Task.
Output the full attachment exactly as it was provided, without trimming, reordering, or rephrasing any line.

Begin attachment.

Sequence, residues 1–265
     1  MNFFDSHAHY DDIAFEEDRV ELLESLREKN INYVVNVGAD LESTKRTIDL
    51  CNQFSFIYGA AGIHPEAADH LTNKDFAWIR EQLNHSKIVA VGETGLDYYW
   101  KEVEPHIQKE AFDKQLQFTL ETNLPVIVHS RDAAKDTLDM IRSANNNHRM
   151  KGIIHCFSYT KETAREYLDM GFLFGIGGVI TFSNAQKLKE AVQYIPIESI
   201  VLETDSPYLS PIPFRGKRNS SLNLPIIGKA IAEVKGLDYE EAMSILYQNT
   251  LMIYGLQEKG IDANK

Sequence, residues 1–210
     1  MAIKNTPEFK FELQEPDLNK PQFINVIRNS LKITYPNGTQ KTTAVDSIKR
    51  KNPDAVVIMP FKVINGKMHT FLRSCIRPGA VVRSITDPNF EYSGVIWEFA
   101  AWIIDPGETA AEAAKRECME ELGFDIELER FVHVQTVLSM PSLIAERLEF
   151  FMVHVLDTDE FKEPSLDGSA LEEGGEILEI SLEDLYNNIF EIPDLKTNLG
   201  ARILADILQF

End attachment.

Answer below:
Sequence, residues 1–265
     1  MNFFDSHAHY DDIAFEEDRV ELLESLREKN INYVVNVGAD LESTKRTIDL
    51  CNQFSFIYGA AGIHPEAADH LTNKDFAWIR EQLNHSKIVA VGETGLDYYW
   101  KEVEPHIQKE AFDKQLQFTL ETNLPVIVHS RDAAKDTLDM IRSANNNHRM
   151  KGIIHCFSYT KETAREYLDM GFLFGIGGVI TFSNAQKLKE AVQYIPIESI
   201  VLETDSPYLS PIPFRGKRNS SLNLPIIGKA IAEVKGLDYE EAMSILYQNT
   251  LMIYGLQEKG IDANK

Sequence, residues 1–210
     1  MAIKNTPEFK FELQEPDLNK PQFINVIRNS LKITYPNGTQ KTTAVDSIKR
    51  KNPDAVVIMP FKVINGKMHT FLRSCIRPGA VVRSITDPNF EYSGVIWEFA
   101  AWIIDPGETA AEAAKRECME ELGFDIELER FVHVQTVLSM PSLIAERLEF
   151  FMVHVLDTDE FKEPSLDGSA LEEGGEILEI SLEDLYNNIF EIPDLKTNLG
   201  ARILADILQF